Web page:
Lights, Camera, (Office) Action: Patents + the Film Industry
On Sunday, February 24, film fans, pop culture fanatics, and all of Hollywood’s brightest stars will tune in to the live broadcast of the 91st Oscars ceremony. With eight movies nominated for best picture, from the bombastic Queen biopic Bohemian Rhapsody to the devastatingly poetic Roma, the ceremony is guaranteed to be star-studded, ornate, and maybe even a little unpredictable.
The “motion picture” has always been at the intersection of innovation and entertainment, bringing together audio, visual, and editing technologies in a constantly evolving attempt to thrill the masses.
From the early breakthrough of the Lumiere brothers' Cinématographe shows in Paris in 1895 to the release of the impressively photo-realistic space odyssey Gravity in 2013, filmmaking has piqued the imagination of many. It only makes sense that the industry has a lot of patents contributing to its ongoing evolution.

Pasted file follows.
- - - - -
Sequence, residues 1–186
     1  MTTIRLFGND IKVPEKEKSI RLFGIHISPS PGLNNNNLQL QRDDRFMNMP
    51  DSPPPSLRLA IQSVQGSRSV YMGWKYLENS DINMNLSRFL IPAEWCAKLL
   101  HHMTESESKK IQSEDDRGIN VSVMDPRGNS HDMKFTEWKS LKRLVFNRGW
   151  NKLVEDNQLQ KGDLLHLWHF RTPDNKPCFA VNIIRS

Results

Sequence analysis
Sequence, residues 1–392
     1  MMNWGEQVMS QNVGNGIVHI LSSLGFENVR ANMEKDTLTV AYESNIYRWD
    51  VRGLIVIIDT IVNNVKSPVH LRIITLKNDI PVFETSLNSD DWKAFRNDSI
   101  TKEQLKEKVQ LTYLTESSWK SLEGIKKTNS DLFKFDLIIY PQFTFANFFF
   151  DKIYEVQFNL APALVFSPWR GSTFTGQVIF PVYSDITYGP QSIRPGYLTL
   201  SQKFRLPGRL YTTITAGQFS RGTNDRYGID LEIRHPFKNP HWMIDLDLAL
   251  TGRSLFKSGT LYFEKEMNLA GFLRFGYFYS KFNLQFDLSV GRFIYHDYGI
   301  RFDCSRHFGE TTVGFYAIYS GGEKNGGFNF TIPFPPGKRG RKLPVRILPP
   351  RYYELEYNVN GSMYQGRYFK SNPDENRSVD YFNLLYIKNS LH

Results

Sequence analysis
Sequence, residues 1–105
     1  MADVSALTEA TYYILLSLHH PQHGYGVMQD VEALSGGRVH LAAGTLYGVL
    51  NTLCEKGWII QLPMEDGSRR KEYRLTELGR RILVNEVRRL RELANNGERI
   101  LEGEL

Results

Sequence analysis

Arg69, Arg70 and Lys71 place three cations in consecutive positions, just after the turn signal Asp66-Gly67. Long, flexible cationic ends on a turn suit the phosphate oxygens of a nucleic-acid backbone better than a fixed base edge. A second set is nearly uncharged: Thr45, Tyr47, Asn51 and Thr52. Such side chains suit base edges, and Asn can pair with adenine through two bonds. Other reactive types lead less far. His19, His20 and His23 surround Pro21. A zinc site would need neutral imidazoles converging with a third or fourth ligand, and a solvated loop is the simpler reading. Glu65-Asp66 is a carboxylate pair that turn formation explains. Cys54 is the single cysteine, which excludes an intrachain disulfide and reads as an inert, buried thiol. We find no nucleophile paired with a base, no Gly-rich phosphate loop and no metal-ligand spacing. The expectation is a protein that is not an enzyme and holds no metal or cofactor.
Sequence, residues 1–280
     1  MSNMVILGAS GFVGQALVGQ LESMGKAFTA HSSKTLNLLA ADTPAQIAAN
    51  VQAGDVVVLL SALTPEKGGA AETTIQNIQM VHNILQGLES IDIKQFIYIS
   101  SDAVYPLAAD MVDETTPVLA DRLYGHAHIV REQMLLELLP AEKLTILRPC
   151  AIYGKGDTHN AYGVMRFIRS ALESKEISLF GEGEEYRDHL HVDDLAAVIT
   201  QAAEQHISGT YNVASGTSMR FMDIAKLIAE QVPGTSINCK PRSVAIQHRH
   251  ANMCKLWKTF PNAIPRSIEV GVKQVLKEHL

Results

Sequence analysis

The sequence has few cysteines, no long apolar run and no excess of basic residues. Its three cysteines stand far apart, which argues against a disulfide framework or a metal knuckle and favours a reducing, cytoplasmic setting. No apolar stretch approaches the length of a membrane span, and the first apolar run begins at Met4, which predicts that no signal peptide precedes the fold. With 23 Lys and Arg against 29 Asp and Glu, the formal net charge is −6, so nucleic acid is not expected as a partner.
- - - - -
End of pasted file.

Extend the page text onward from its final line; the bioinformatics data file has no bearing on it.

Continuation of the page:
Let’s take a look at some of the most influential technological discoveries that have shaped filmmaking into one of the most important tools of communication and entertainment.
A timeline of major film innovations
1878: The first motion sequence photographed in real time, rather than a series of posed photographs, was created by British photographer Eadweard Muybridge. He photographed a horse named Sallie Gardner in rapid motion by using a series of separate still cameras. (Image Source)
1892: The first animated projection was created in France by Charles-Émile Reynaud, a French science teacher. On October 28, 1892, he projected the first animation in public, “Pauvre Pierrot”. His films were not photographed, instead drawn directly onto the transparent strip.
1893: At the Chicago World's Fair, Thomas Edison revealed the Kinetoscope to the public. The coin-operated machine was contained within a large box, and images could be viewed by one person at a time by looking through a peephole. (Image Source)
1900: British film pioneer William Friese-Greene filed a patent for a 3D-film process. In his patent, two films were projected side-by-side on a screen. The viewer looked through a stereoscope to converge the two images. Because of the obtrusive mechanics behind this method, theatrical use was not practical.
1902: The first person to demonstrate a natural-color motion picture system was British inventor Edward Raymond Turner, who received a patent in 1900. Two years later, he was able to show promising but very mechanically defective results.